Recent developments have sent shockwaves through the community as Bitcoin (BTC) speculators initiated a staggering $5 billion sell-off. This abrupt market movement has left investors and enthusiasts alike scrambling to understand the underlying factors at play and how they might influence the broader crypto ecosystem in the coming week.
From regulatory shifts to technological advancements, each factor contributes to the unfolding narrative, offering crucial insights for those navigating the volatile crypto markets. Here’s what to look out for this week.
Bitcoin enters a dark period
Since the approval of Bitcoin ETFs in the United States, the coin has been on a losing streak for 5 days. As of this writing, the price of Bitcoin (BTC) is $42,679.03, with a 24-hour trading volume of $19,814,523,789.68. This indicates a -0.38% price loss in the last 24 hours and a -4.37% price decline in the last 7 days. Furthermore, the fear and greed index has fallen to a neutral position of 52.
The global crypto market cap is $1.76 trillion today, down 0.46% in the last 24 hours and 72.69% a year ago. As of today, BTC has a market cap of $834 billion, reflecting a 47.32% domination. Meanwhile, stablecoins’ market cap is $135 billion, accounting for 7.67% of the total crypto market cap.
Bitcoin begins a new week with two competing narratives: some believe the decline that followed the ETF launch will signal a healthy retest of support, while others believe the previous local peak will remain in place for an extended period of time.
A grace period of up to two weeks may elapse prior to the onset of additional significant catalysts. Triggers for U.S. macroeconomic data are anticipated to subside slightly prior to the end-of-month interest rate decision by the Federal Reserve.
Speculative investors who sold billions of dollars worth of Bitcoin at a loss last week may also be exhausted.
Currency performances this week
On Tuesday, NY Empire State Manufacturing will attract investment attention. Improving conditions in the manufacturing sector would lend weight to the idea of a soft landing. Investors should pay attention to US retail sales numbers for December (Wednesday).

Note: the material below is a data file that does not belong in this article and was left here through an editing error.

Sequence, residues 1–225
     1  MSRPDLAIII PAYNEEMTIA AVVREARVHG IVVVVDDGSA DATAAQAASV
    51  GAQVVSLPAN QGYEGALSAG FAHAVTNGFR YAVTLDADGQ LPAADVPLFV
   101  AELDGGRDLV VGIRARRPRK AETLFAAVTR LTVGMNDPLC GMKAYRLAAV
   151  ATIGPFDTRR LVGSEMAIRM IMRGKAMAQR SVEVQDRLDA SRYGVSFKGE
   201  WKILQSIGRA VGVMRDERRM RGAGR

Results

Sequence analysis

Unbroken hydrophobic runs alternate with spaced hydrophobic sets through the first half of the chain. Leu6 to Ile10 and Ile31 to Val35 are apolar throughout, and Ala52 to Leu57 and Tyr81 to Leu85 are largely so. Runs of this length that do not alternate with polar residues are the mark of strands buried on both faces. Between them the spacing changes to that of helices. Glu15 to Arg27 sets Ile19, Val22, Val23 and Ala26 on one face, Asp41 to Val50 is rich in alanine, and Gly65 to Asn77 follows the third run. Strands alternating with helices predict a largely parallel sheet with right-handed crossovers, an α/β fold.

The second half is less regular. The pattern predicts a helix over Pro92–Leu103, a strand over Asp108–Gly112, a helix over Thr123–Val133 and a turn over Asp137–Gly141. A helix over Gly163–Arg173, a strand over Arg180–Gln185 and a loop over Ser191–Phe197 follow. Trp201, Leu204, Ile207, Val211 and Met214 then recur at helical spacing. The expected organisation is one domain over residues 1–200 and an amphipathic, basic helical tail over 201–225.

A significant increase in retail sales might boost demand-driven inflation and cause the Fed to delay interest rate cuts.
The US jobless claims and Philly Fed Manufacturing figures will be in the spotlight on Thursday. A stable labor market and manufacturing sector would further support betting on a mild landing.
Michigan Consumer sentiment figures for January will cap off a hectic week for the US dollar. An unanticipated increase in consumer mood may indicate an upward trend in consumer expenditure.
On Monday, German wholesale pricing and GDP figures for 2023 drew investor interest. The EUR/USD may encounter pressure if the German economy contracts more than predicted. However, Eurozone industrial production and trade data should also be considered.
The Pound will be in focus on Tuesday as labor market numbers are released. The Bank of England continues to be concerned about wage increases. Softer wage growth and an increasing UK unemployment rate may fuel betting for a Q1 BoE rate decrease.
On Wednesday, UK inflation data for December will impact predictions about the timing of a BoE rate cut.
BTC market sentiment
BTC/USD reached $49,000 on the day of the ETF’s introduction, but the enthusiasm did not last long.
A further pullback sent the market down to the lower end of its established trading range, but sellers were unable to achieve a true retest of the $40,000 level.
The length of the retreat from $49,000 appeared to surprise the majority of bulls. According to analytics website CoinGlass, on January 12, liquidated almost $112 million in BTC longs, making it one of the most expensive days in recent months.
Fed cuts and CPI data effects
Those seeking a reprieve from volatility may get it this week, at least on the global level. Aside from ETF trade, U.S. data prints are expected to slow in the coming days, with unemployment data topping the list of inbound releases.
With only two weeks until the next Fed meeting to decide on interest rate changes, the atmosphere around inflation remains tense. Last week’s little-noticed Consumer Price Index (CPI) figures showed prices rising faster than predicted in December 2023.
While markets do not expect the Fed to lower rates this month, pundits did not miss the figures. Reacting, trading resources According to the Kobeissi Letter, the Federal Reserve’s job is “not done yet.”
Despite this, it added, markets expect rate cuts – a windfall for risk assets such as cryptocurrency — to come in quick succession beginning in March.
More crypto market panic selling
For many, ETF week ultimately turned into a week of Bitcoin sales rather than purchases.
Although institutions were finally able to increase their BTC exposure, price movement exemplified volatility’s classic psychological impact.
At $50,000, whales gathered in anticipation of distributing to latecomers, which was too much for bulls to bear, whereas the reversal towards $40,000 sparked widespread hysteria.
This was demonstrated by the percentage of Bitcoin that was sold for a loss on its purchase price. As per the findings of Glassnode, an on-chain analytics firm, this amounted to 88,000 BTC ($3.75 billion) on January 12. More on this stance can be expected this week.